When working on the web it is crucial to ensure that your website is accessible to as many users as possible, including those with disabilities.

To do that you need to understand about each different type of disability and their impact on users interacting with the web. Different disability groups include those with visual impairments, hearing impairments, mobility impairments and reading difficulties. This article will introduce you to each of these groups.

Before that lets just remind ourselves of the facts. There are around 11 million disabled adults living in the UK*. This is equivalent to a stagering 20% of the population. The problem for many of those with disabilities, is their needs often get overlooked. Hear is a breakdown of the user groups and their specific needs.

Visual Impairments

  • Blind users – access the web using screen readers (or use Braille output devices)
  • Low vision users – require the ability to resize the text, sometimes using screen magnifiers to do so
  • Colour blind users – are unable to see colours, with red and green being the most common deficiency

Hearing Impairments

  • Always deaf (since birth) – these users are unable to hear the audio output and have difficulties comprehending written English
  • Became deaf – these users are unable to hear audio output but are usually proficient with reading English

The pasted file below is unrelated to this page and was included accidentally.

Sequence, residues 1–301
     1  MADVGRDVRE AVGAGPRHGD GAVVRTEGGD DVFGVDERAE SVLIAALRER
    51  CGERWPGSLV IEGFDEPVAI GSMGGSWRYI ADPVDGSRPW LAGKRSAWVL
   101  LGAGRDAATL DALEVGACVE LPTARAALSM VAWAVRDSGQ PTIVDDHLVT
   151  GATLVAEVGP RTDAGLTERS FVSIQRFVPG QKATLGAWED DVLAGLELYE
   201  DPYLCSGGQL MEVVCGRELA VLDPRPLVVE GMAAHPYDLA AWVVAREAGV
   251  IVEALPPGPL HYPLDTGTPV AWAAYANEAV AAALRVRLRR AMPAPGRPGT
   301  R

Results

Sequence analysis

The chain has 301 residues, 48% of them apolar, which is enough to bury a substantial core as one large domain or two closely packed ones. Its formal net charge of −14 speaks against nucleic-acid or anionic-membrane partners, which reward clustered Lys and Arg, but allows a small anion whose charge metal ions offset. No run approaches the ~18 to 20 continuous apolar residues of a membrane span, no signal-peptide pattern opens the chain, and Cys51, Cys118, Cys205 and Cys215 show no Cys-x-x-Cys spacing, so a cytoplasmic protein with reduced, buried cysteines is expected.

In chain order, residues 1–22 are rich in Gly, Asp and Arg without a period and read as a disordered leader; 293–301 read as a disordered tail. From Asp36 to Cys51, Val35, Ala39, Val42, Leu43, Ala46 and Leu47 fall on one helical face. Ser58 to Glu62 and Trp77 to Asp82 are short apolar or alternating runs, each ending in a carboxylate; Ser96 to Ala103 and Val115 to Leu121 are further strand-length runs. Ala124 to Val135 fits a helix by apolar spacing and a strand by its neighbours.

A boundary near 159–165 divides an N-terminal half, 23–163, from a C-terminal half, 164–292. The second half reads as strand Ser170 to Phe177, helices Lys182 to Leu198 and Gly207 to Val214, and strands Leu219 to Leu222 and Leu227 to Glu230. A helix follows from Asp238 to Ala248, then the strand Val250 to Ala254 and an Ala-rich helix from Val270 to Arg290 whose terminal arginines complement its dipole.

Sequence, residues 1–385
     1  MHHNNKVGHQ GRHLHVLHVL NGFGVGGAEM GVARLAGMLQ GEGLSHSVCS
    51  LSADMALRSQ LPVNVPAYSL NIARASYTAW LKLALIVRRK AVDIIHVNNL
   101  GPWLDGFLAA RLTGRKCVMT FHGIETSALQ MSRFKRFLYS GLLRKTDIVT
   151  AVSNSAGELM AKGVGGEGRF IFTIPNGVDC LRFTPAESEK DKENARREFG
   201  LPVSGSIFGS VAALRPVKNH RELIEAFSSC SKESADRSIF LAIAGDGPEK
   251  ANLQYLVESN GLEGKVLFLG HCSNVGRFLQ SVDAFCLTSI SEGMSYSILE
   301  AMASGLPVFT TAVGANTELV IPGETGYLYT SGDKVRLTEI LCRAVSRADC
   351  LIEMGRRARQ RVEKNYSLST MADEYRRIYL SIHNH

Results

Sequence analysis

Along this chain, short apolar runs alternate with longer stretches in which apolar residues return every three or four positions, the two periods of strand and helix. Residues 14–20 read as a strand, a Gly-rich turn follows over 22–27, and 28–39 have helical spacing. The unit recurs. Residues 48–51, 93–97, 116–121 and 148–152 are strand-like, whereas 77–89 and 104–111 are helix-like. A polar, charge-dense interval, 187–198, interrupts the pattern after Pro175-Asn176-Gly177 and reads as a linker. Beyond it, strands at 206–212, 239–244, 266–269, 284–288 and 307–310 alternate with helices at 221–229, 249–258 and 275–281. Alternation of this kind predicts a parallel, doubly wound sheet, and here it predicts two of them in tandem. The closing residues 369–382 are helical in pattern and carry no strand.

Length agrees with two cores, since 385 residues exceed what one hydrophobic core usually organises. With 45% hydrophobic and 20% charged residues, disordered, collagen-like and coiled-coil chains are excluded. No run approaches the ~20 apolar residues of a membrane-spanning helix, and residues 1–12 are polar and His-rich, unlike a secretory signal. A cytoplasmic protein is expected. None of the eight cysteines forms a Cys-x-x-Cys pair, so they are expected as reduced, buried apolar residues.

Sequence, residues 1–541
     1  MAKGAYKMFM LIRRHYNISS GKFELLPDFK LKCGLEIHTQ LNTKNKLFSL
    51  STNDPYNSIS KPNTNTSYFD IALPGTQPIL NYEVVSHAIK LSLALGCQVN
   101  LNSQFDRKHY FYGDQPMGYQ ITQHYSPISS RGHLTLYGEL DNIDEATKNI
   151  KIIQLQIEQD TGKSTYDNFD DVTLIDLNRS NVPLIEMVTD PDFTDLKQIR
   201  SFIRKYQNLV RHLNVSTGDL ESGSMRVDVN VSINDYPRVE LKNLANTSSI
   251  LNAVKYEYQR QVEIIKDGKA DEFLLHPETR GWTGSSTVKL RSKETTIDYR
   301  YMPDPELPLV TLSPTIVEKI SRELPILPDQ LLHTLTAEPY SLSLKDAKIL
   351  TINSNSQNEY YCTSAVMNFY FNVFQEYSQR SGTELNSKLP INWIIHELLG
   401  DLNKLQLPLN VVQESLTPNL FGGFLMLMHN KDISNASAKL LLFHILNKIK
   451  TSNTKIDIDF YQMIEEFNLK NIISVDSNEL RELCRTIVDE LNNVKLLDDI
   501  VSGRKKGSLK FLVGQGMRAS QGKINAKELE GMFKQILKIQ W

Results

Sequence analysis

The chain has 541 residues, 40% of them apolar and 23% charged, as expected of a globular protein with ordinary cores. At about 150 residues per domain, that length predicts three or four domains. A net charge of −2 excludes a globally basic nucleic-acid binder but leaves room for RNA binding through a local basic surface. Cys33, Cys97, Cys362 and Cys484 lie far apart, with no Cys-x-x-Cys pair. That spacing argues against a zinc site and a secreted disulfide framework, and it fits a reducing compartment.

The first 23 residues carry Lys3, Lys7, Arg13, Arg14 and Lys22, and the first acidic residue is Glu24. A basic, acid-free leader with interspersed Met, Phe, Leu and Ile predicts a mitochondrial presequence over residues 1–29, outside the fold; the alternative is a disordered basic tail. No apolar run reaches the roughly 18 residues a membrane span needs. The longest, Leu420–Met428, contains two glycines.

Mobility Impaired

  • Mildly mobility impaired users – are able to use a mouse but with limited dexterity
  • Severely mobility impaired users – are unable to use a mouse at all

Reading difficulties

  • Learning difficulties – these users are likely to have a reading age below an average adult
  • Dyslexia – these users can have difficulty reading certain types of content
  • Non-native speakers – may be unfamiliar with colloquialisms (phrases that are common in everyday conversation)

Other groups

  • Epileptic users – may have to avoid screen screen flicker between 2 and 55 Hz
  • Elderly users – can fall under many of the above groups
  • Mobile phone / PDA users – are limited by the fact that they are accessing websites on the go
  • Technical constraints – users limited for example, by slow Internet connection, old browsers, no support for plug-ins

I will cover each of these user groups in more detail in future posts and explain what you can do to make sure the websites you create are accessible to those with disabilities. In the mean time checkout the Web Accessibility Initiative from the W3C.

* Source: Papworth Trust

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